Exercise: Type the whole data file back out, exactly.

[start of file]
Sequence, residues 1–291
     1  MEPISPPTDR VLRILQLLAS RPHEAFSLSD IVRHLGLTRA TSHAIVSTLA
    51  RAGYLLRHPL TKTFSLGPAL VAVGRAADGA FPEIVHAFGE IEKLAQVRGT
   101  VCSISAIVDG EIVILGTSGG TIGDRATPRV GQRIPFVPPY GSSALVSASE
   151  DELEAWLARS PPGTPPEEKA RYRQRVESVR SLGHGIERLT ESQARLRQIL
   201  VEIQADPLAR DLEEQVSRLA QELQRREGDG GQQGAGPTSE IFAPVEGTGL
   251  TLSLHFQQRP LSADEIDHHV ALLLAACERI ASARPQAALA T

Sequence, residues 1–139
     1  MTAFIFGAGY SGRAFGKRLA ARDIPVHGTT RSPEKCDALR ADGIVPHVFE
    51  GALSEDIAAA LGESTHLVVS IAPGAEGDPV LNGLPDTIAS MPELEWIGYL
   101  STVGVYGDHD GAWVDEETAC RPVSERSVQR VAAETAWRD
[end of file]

Sequence, residues 1–291
     1  MEPISPPTDR VLRILQLLAS RPHEAFSLSD IVRHLGLTRA TSHAIVSTLA
    51  RAGYLLRHPL TKTFSLGPAL VAVGRAADGA FPEIVHAFGE IEKLAQVRGT
   101  VCSISAIVDG EIVILGTSGG TIGDRATPRV GQRIPFVPPY GSSALVSASE
   151  DELEAWLARS PPGTPPEEKA RYRQRVESVR SLGHGIERLT ESQARLRQIL
   201  VEIQADPLAR DLEEQVSRLA QELQRREGDG GQQGAGPTSE IFAPVEGTGL
   251  TLSLHFQQRP LSADEIDHHV ALLLAACERI ASARPQAALA T

Sequence, residues 1–139
     1  MTAFIFGAGY SGRAFGKRLA ARDIPVHGTT RSPEKCDALR ADGIVPHVFE
    51  GALSEDIAAA LGESTHLVVS IAPGAEGDPV LNGLPDTIAS MPELEWIGYL
   101  STVGVYGDHD GAWVDEETAC RPVSERSVQR VAAETAWRD